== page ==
Okla. GOP Sen. James Lankford spoke by phone with Public Radio Tulsa's Chris Polansky on Wednesday about the deadly pro-Trump insurrectionist attack on the Capitol, whether he feels at all responsible for the violence, and his thoughts on impeachment.



[Click here to hear and read the transcript of the full, unedited 21 minute interview with Public Radio Tulsa and Sen. Lankford.]

Wednesday's top stories:

• Gov. Kevin Stitt is continuing his push to get all school districts in Oklahoma to offer in-person learning amid soaring COVID-19 numbers. On Tuesday, he announced students who were exposed to a confirmed case no longer have to quarantine in certain circumstances.

• Rep. Tom Cole (R-Okla.), ranking member of the House Rules Committee, opposed a nonbinding resolution urging Vice President Mike Pence to exercise powers granted under the 25th Amendment to convene the cabinet and remove President Donald Trump.

Chris Polansky / KWGS News

Tulsa Health Department Director Dr. Bruce Dart said Tuesday he's hopeful changes in the way the federal government apportions COVID-19 vaccine doses could be good news for Tulsa County.

"We think it'll be very impactful," Dart said on a virtual press update Tuesday morning. "Especially because we know we have quite a few private providers who have signed up to be distributors of the vaccine to their patients as well as pharmacies and urgent cares. We would have a much larger number of distribution points."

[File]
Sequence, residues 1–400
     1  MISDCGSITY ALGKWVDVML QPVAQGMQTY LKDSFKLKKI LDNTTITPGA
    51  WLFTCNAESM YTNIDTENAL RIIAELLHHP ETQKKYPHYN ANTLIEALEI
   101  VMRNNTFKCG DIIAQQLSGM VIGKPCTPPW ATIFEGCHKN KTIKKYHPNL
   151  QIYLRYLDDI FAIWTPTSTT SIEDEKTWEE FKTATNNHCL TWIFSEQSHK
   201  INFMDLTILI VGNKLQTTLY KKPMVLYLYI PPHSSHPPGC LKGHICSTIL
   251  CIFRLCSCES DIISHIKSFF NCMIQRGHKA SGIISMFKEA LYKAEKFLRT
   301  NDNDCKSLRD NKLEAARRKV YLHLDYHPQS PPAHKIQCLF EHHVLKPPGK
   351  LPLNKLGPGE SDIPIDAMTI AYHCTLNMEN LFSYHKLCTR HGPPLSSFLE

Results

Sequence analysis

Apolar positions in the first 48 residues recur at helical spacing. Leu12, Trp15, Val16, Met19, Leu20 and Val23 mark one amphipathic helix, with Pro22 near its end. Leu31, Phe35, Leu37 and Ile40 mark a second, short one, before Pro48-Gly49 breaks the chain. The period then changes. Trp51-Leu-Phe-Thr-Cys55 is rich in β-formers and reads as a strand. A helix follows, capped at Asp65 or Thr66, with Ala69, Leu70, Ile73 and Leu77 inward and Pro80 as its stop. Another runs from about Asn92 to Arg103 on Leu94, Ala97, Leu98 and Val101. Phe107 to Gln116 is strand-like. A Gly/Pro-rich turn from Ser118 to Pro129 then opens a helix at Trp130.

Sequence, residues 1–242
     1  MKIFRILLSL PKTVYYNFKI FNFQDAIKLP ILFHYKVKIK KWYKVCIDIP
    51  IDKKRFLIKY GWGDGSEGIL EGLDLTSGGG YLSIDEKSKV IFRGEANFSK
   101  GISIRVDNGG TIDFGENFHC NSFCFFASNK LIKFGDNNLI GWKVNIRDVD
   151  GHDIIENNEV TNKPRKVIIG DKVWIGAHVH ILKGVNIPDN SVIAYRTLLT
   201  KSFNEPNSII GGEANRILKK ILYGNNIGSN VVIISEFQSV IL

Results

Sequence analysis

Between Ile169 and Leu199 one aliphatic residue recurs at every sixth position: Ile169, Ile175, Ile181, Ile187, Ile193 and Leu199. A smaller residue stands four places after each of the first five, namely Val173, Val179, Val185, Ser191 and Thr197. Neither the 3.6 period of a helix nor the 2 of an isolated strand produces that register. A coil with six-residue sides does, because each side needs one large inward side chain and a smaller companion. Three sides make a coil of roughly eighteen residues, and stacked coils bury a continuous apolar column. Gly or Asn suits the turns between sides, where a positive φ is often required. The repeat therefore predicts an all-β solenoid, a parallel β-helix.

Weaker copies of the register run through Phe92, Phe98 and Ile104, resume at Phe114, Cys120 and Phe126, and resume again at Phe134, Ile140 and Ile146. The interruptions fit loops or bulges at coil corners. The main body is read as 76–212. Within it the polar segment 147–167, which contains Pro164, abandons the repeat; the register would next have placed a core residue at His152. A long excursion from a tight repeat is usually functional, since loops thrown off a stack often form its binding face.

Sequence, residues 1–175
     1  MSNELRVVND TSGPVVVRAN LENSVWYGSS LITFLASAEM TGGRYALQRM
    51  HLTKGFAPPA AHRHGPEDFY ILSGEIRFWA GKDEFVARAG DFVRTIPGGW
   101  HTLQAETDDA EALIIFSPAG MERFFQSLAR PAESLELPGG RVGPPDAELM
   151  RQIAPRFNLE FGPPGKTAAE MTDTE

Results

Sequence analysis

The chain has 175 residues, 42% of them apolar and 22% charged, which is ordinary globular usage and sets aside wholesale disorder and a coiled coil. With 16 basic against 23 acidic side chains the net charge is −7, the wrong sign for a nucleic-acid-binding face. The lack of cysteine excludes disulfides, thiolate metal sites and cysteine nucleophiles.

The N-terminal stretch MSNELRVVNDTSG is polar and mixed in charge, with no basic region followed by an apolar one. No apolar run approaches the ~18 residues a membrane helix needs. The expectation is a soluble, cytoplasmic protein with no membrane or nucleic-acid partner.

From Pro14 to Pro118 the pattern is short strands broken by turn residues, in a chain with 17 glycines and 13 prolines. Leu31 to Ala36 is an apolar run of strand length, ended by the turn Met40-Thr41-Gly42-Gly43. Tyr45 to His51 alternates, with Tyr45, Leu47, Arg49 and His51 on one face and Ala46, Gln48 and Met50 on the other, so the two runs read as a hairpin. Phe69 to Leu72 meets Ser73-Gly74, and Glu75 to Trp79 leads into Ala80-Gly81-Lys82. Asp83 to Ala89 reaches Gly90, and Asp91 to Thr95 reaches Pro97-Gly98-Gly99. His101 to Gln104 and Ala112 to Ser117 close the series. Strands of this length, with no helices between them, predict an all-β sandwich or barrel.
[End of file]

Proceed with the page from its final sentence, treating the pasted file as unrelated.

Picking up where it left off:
Rep. Tom Cole (R-Okla.) said Tuesday he opposes a non-binding resolution introduced by House Democrats that would urge Vice President Mike Pence to invoke the 25th Amendment and confer with the cabinet to remove President Donald Trump from office for his role in inciting Wednesday's insurrectionist attack on the Capitol.

Tuesday's top stories:

• Calls are mounting for the resignation or removal of Sen. James Lankford (R-Okla.) from the 1921 Tulsa Race Massacre Centennial Commission for his role in sowing doubt about the results of the 2020 election, views embraced by the Trump supporters who launched a deadly siege on the U.S. Capitol.

Sen. James Lankford

Calls are mounting for Sen. James Lankford (R-Okla.) to resign his seat on the 1921 Tulsa Race Massacre Centennial Commission after his role in sowing doubt about the outcome of the 2020 presidential election and the insurrectionist attack on the U.S. Capitol.